There might hardly be a language in the world, which is not influenced by at least one or two languages. Just as many English words have proliferated into other languages, there are many foreign/non-English words that are commonly used in the English language today. This Penlighten article presents a list of Japanese words that are used and accepted in English.
Did you know?
Although Japan is the only country in the world to have Japanese as its official language, 127 million people around the world speak Japanese.
Japanese is the official language of Japan and Palau. The Japanese language has three main dialects, namely Tokyo dialect, Kyoto-Osaka dialect and Kyushu dialect. This language belongs to the Japonic-Ryukyuan group of languages.
It is made up of three different scripts, namely kanji, hiragana, and katakana. All three scripts are said to have been derived from ‘Chinese’ characters. There are a number of Chinese words which have made their way into the Japanese language. At the same time, Japanese also has loanwords from Indo-European languages like English.
In the US, especially in the state of California, there are more than 42,000 Japanese-speaking people. The English language has always been enriched with words from different cultures and languages. So, how can Japanese words be an exception to this rule?
Having said that, let’s take a look at some Japanese loanwords used in the English language.
|Aikido||ahy-kee-doh||Japanese martial arts|
|Bento||ben-taw||A home-packed meal|
|Banzai||bahn-dzah-ee||Cheer of enthusiasm or triumph|
|Bonsai||bon-sahy||Miniature tree grown in a tray or shallow pot|
|Dashi||dah-shee||Soup stock; fundamental to Japanese cooking|
|Dojo||doh-joh||Any physical training facility|
|Futon||foo-ton||A type of mattress|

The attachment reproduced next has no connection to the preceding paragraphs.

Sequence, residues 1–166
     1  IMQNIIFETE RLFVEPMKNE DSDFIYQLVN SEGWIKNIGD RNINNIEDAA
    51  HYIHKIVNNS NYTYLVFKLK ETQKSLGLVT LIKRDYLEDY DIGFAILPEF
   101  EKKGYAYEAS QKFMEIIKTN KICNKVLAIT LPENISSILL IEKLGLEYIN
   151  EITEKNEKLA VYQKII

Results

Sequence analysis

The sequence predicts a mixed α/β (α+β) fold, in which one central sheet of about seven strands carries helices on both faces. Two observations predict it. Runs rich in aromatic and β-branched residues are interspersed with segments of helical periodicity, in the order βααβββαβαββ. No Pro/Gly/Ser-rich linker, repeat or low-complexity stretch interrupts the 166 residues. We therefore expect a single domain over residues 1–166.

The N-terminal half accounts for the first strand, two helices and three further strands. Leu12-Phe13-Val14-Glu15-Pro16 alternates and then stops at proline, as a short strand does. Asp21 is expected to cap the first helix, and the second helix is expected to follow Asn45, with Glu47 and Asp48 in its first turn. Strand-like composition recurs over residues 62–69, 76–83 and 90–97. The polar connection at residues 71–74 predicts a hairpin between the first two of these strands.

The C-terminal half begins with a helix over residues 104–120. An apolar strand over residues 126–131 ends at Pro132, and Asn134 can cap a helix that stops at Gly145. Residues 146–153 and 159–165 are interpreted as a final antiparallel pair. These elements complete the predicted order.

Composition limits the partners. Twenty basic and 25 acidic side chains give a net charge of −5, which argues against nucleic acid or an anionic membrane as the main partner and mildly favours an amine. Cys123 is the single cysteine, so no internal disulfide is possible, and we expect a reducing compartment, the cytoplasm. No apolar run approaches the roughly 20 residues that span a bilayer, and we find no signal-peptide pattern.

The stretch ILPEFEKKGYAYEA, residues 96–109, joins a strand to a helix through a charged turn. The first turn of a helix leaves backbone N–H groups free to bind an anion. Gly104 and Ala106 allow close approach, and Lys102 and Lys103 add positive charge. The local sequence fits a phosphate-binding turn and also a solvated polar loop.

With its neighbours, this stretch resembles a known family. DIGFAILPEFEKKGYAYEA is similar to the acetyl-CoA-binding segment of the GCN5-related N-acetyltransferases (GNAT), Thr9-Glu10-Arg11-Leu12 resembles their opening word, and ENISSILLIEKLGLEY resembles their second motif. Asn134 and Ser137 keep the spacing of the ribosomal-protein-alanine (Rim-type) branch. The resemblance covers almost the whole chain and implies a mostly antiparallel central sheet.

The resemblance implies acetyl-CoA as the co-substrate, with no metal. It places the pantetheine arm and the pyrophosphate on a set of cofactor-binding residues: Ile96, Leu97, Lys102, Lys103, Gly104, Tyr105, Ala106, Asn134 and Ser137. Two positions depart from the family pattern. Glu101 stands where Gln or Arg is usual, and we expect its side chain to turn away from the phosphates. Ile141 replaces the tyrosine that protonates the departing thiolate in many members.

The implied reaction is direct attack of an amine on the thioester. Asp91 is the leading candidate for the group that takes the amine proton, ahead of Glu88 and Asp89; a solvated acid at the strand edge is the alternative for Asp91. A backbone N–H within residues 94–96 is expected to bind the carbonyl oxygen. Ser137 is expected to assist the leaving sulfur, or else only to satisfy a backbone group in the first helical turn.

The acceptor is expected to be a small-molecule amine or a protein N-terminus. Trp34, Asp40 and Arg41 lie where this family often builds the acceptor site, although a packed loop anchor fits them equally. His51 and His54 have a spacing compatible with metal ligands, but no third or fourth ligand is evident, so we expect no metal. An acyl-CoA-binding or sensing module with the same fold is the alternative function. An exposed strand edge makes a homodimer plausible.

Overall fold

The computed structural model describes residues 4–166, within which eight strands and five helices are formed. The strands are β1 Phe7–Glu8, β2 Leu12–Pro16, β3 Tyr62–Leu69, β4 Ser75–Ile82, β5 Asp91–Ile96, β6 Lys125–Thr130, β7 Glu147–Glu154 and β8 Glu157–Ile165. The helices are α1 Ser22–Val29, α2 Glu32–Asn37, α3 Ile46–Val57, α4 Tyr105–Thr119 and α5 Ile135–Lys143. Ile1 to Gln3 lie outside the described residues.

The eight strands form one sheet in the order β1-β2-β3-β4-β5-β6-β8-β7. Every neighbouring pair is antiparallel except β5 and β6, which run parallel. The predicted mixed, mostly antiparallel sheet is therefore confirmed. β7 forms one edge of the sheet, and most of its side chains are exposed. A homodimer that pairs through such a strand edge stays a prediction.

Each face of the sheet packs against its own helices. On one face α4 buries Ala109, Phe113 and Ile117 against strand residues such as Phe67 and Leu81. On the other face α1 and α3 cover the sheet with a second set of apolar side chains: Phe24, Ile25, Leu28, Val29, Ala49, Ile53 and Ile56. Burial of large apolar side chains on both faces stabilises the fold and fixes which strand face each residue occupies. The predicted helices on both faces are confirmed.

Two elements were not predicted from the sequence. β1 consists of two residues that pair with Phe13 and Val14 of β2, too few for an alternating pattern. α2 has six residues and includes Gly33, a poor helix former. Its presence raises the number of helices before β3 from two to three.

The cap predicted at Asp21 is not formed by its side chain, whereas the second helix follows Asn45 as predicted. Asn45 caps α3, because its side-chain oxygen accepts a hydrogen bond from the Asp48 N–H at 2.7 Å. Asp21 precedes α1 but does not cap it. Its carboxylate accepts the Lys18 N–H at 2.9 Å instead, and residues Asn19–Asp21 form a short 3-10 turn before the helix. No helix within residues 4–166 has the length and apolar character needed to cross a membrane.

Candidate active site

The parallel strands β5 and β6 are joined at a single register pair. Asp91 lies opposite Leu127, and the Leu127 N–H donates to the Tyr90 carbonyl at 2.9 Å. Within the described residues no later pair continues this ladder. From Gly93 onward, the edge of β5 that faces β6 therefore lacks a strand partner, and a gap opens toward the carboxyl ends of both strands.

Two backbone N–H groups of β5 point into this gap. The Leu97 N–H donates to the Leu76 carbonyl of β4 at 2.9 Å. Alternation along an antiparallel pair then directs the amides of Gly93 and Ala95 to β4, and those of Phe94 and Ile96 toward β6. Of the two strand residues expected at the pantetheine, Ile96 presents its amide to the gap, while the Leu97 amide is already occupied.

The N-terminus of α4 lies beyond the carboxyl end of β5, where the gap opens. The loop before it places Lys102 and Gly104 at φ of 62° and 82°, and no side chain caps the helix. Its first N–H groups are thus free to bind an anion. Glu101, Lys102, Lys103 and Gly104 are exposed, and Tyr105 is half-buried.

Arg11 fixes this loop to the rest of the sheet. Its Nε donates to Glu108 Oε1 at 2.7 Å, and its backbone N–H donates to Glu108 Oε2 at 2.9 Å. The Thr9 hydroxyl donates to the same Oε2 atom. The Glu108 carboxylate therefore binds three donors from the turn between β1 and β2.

|Geisha||gey-shuh||Traditional Japanese female entertainers|
|Haiku||hahy-koo||Short poem of 3 lines|
|Harakiri||hahr-uh-keer-ee||A ritual suicide carried out by cutting the belly|
|Hibachi||hi-bah-chee||Traditional Japanese heating device|
|Ikebana||ee-ke-bah-nah||Japanese art of flower arrangement|
|Imari||ee-mari||Plates and cups made of multicolored porcelain|
|Judo||joo-doh||A sport adapted from jujitsu and similar to wrestling|
|Jujitsu||joo-jit-soo||Martial art form|
|Kabuki||kah-boo-kee||Traditional Japanese theater|
|Kanji||kahn-jee||Japanese writing using Chinese characters|
|Kamikaze||kah-mi-kah-zee||Divine wind or a pilot trained and willing to cause a suicidal crash|
|Kakemono||kah-ke-maw-naw||A vertical hanging scroll containing either text or a painting|
|Karaoke||kar-ee-oh-kee||Singing popular songs along with recorded music|
|Karate||kuh-rah-tee||Type of Japanese martial art|
|Kendo||ken-doh||Martial art form|
|Koto||kaw-taw||Traditional musical instrument|
|Kimono||kuh-moh-nuh||Outer garment, generally made of silk|
|Koi||koi||A colorful, ornamental carp fish|
|Makimono||mah-kee-maw-naw||Horizontal hand scroll containing either text or a painting|
|Miso||mee-saw||Paste made from fermenting rice, soybean, koji and sea salt|
|Noh||noh||Stylized classic drama of Japan|
|Ninja||nin-juh||A skilled warrior|
|Obi||aw-bee||A long, broad sash used over a kimono|
|Pachinko||puh-ching-koh||A Japanese pinball game|
|Ramen||rah-muhn||A variety of Japanese noodle dish|
|Ronin||roh-nin||A samurai without a master|
|Rickshaw or Jinrihisha||rik-shaw/jin-rik-shaw||Human-pulled vehicle|
|Sake||sah-kee||Alcoholic beverage made from fermented rice|
|Sashimi||sah-shee-mee||Thinly sliced, fish or raw meat|
|Satsuma||sah-tsoo-mah||A kind of mandarin orange|
|Seppuku||se-poo-koo||A ritual suicide carried out by cutting the abdomen|
|Shoyu||shoh-yoo||Japanese soy sauce|
|Shamisen||sæm?-sen||Three-stringed musical instrument|
|Shogun||shoh-guh||A military commander|
|Surimi||soo-ree-mee||Minced fish flavored in imitation of lobster or crabmeat|
|Sudoku||soo-doh-koo||Literally means ‘single number’, but now associated with a number puzzle|
|Sumo||soo-moh||A Japanese form of wrestling|
|Sushi||soo-shee||Vinegared rice topped with raw fish, shellfish and rarely vegetables|
|Tanka||tahng-kuh||Short poem form consisting of five lines with 31 syllables|
|Teriyaki||ter-uh-yah-kee||Cooking technique in which fish or meat is grilled in soy marinade|
|Tsunami||tsoo-nah-mee||Large waves as a result of underwater earthquakes or other disturbances|
|Tycoon or Taikun||tahy-koon||A businessperson of great wealth and power; magnate|
|Typhoon||tahy-foon||Violent tropical storm or cyclone|
|Ukiyo-e||oo-kee-yaw-e||Painting and printmaking developed in Japan|
|Wasabi||wah-suh-bee||Green paste similar to horseradish|
|Zen||zen||Branch of Mahayana Buddhism|
|Zori||zawr-ee||A Japanese sandal; formally worn with kimono on special occasions|
I have tried to cover the most common Japanese words used in the English language here, but if you think I have missed out on some, then please leave a comment in the box given below and I will be glad to add them.